The U.S. Food and Drug Administration has issued a warning to the makers an eggless mayonnaise-like spread called Just Mayo, telling the food company that they cannot call eggless mayo mayo.

The FDA noted that mayonnaise must contain eggs according to its food standard of identity.

Although the food company, Hampton Creek, uses the word “mayo” rather than “mayonnaise,” the FDA wrote in its warning that, “The term ‘mayo’ has long been used and understood as shorthand or slang for mayonnaise.”

Hampton Creek was also sued last year over a similar issue. The maker of popular mayonnaise brand Hellmann’s sued Hampton Creek because its spread did not contain eggs, but the plaintiff dropped the lawsuit after a strong response from Just Mayo supporters.

By Cheryl Bretton

PFAS Contaminated Water May Effect Many More People Than the 6 Million Reported

According to scientists, the number of Americans drinking PFAS-contaminated water may be much higher than the 6 million figure initially reported.

A recent Harvard Harvard study found that almost across 30 states tested, 194 of 4864 water supplies contained PFASs (perfluoroalkyl substances) — a chemical that has been around for 60 years and which is used for nonstick cooking utensils, as well as food packaging and firefighting foams.

The chemicals break down slowly and remain in our environment for a long time, including in drinking water.

PFASs have been linked to cancer and other health problrms.

The water supplies in a few states accounted for most of the contaminated sources: California, New Jersey, North Carolina, Alabama, Florida, Pennsylvania, Ohio, New York, Georgia, Minnesota, Arizona, Massachusetts, and Illinois, in order of contamination levels.

“For many years, chemicals with unknown toxicities, such as PFASs, were allowed to be used and released to the environment, and we now have to face the severe consequences,” lead author Xindi Hu, a doctoral student in the Department of Environmental Health at Harvard Chan School and Environmental Science and Engineering at SEAS, said in a statement.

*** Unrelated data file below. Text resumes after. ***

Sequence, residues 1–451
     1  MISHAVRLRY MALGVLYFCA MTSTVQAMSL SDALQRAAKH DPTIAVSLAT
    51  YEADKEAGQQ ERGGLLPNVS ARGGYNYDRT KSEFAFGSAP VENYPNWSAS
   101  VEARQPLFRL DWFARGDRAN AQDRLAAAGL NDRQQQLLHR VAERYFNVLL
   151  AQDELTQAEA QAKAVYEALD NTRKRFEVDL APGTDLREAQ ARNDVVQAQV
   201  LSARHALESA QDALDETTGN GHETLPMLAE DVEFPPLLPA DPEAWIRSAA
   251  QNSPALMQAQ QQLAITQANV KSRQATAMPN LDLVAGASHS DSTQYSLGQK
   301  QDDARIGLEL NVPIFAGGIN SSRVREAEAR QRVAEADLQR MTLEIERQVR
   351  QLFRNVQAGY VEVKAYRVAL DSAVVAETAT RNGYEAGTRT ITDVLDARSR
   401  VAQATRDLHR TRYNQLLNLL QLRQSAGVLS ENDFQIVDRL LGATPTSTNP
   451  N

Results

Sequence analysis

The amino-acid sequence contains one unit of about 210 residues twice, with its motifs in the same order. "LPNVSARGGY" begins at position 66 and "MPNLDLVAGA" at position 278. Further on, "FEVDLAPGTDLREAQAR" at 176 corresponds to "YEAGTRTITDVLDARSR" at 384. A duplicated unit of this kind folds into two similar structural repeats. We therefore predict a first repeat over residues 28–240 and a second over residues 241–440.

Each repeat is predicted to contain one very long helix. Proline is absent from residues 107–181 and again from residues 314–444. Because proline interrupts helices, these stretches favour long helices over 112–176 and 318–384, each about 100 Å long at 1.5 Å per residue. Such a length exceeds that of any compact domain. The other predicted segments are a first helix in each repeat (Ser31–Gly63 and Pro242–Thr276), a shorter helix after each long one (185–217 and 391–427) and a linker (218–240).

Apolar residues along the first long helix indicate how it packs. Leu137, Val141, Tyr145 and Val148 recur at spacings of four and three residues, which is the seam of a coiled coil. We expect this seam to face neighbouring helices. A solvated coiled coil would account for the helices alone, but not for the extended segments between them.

She said the number of water supplies contaminated with PFASs may be much higher than the 6 million initially reported, however.

“The actual number of people exposed may be even higher than our study found, because government data for levels of these compounds in drinking water are lacking for almost a third of the US population — about 100 million people,” she said.

Use of PFASs by large companies has led to many lawsuits. For example, DuPont is currently facing 3500 personal injury lawsuits for illegal dumping of PFOA byproducts (perflurooctanoic acid) into the Ohio Rive, leading to kidney and testicular cancer and other ailments, according to the plaintiffs.

"Zika Is Now Here" - Mosquitos in US Causing Infection

“Zika is now here,” said Dr. Thomas Frieden, director of the U.S. Centers for Disease Control and Prevention, Saturday.

Although many Americans had brought back infection from abroad already — over 1,600 known cases — until several infected people were recently tested for other transmission methods, no known cases of U.S. mosquito-borne Zika had existed, although it had been known that mosquitoes in the south of the country could carry the virus.

So far four Americans have been found to have contracted the virus by mosquitoes in the Miami area.

Health officials have said they do not expect infection to be as widespread as it has been in other countries because of better sanitation, mosquito control and use of window screens.

The biggest health concerns are for pregnant women.

“If I were a pregnant woman right now, I would go on the assumption that there’s mosquito transmission all over the Miami area,” warned Dr. Peter Hotez, a tropical medicine expert at the Baylor College of Medicine in Texas.

In addition to four confirmed cases, medical authorities have said they expect there are many others already infected — and not just in Florida.

“This is not just a Florida issue. It’s a national issue – we just happen to be at the forefront,” said Governor Rick Scott.

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